If you feel like it is odd that Pope John Paul II was the head of the Catholic Church only 9 years ago, and that he is already getting canonized as a saint, you are exactly right. His Holiness’ canonization this Sunday is the fastest such track in the Church’s history-- beating Mother Teresa's ascent by a matter of fifteen days.
His sainthood will be declared in the ceremony alongside Pope John XXIII, who passed away in 1963. The double ceremony will be the first double pope canonization since the Middle Ages, according to Bloomberg.
During his funeral in 2005, mourners held signs and chanted “Sainthood Now” for John Paul II, ushering what would become a fast-forward campaign. When he took the papacy, Pope Benedict XVI acknowledged the sentiment by waiving the typical five year waiting period before a saintly investigation can begin, and allowed for the process to start only a matter of weeks later.
The church beatified John Paul II in 2011 after certifying that two miracles had been performed by him: A French nun suffering from Parkinson’s disease was inexplicably healed after praying to him, and a Costa Rican woman’s brain aneurysm purportedly disappeared after doing the same.
Only one miracle is needed in order to be beatified, or to be allowed for veneration in the fallen’s homeland. Two are needed for canonization, which means he is recognized by the entire Catholic Church.
But again, usual protocol has been abandoned for the double canonization on Sunday. Current Pope Francis has waived the need for a second miracle, allowing for Pope John XXIII to be canonized even after one miracle has been proven.
He was beatified in 2000 for the healing of an Italian nun suffering from a gastric hemorrhage during his lifetime.
While few would argue that both were great holy men, the fact that John Paul II in particular is getting such a fast track is troubling to some. He did preside over the Church during a widespread pedophilia scandal, the breadth of which fully came to light after his death, after all.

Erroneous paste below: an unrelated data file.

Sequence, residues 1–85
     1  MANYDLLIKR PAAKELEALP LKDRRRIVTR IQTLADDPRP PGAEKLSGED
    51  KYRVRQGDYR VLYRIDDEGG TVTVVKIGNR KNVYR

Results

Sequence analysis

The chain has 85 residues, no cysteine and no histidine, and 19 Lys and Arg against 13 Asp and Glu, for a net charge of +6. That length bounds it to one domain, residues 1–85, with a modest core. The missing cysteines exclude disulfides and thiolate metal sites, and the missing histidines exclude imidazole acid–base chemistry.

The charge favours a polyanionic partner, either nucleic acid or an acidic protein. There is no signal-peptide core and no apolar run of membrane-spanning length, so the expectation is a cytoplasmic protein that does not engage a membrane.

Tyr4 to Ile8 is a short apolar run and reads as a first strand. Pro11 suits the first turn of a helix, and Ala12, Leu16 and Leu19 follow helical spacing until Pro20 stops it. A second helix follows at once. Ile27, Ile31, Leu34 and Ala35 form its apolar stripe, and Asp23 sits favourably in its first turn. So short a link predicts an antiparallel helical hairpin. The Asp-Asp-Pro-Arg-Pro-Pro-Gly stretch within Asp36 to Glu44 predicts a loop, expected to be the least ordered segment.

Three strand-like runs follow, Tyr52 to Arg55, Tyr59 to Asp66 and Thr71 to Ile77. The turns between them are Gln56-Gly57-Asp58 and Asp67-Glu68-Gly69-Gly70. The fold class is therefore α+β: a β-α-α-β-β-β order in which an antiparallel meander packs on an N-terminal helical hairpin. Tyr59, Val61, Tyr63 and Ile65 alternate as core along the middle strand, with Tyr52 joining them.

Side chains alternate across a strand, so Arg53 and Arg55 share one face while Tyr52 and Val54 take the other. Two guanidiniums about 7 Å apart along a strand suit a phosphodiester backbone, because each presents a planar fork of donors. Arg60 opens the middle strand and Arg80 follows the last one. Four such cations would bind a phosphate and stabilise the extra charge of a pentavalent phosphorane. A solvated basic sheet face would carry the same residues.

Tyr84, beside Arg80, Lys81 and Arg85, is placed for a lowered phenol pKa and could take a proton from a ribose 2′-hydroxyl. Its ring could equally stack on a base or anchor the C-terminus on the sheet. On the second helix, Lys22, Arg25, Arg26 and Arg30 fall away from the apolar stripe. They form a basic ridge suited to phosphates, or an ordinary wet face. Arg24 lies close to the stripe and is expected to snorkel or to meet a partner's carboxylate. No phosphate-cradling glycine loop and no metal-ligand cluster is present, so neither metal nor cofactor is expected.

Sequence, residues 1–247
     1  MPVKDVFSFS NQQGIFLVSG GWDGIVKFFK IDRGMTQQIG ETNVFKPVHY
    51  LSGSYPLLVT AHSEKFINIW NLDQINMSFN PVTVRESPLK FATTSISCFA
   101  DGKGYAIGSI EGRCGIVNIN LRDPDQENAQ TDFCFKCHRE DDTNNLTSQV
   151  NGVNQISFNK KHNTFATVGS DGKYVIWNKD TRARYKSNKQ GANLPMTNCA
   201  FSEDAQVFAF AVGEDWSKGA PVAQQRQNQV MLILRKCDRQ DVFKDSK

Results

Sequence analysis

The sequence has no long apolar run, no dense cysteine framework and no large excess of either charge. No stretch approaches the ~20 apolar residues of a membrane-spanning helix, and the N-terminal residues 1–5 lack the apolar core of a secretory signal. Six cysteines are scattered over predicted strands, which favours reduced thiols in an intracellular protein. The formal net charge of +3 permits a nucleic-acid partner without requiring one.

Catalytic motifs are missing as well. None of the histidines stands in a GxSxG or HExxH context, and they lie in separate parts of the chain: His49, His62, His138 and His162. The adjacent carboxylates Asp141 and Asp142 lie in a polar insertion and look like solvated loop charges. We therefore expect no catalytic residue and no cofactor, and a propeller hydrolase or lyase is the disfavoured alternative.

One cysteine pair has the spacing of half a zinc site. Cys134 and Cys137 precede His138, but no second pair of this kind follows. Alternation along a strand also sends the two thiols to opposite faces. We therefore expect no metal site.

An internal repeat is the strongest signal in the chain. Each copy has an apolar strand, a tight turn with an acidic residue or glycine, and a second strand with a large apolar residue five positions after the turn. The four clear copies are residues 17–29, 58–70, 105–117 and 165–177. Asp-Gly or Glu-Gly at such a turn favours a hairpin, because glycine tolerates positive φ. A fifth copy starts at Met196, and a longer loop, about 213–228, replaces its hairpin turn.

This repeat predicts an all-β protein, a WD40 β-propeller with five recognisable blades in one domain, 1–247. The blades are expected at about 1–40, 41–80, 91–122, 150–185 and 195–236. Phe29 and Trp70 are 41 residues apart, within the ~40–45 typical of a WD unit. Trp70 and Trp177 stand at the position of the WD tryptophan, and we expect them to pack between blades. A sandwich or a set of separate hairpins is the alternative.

“[T]he church hierarchy can avoid rubbing more salt into [the wounds of these victims] by slowing down their hasty drive to confer sainthood on the pontiff under whose reign most of the countless, widely-documented clergy sex crimes and cover-ups took place,” Barbara Blaine, president of the Survivors Network of Those Abused by Priests, told the Daily Beast.
Others wonder if the fast-tracked approach is “taking some of the shine” off of sainthood, as Patricia Miller of Religion Dispatches argues.
“The benefit of the church’s traditional slow march to sainthood was that it removed the canonization of any individual from the politics of any particular papacy,” she wrote in a post. “You really had to stand the test of time to be made a saint in the Catholic Church.”
But as that logic has its merit, the fact that people who knew the the Popes in their lifetimes will witness the transformation into sainthood has an unquestionably exciting appeal.
An estimated 2 billion people are expected to follow this Sunday’s canonization on TV, radio and online. In that respect, regardless of if is a PR stunt, or cheapening the allure of sainthood, few would argue that it is bad for business.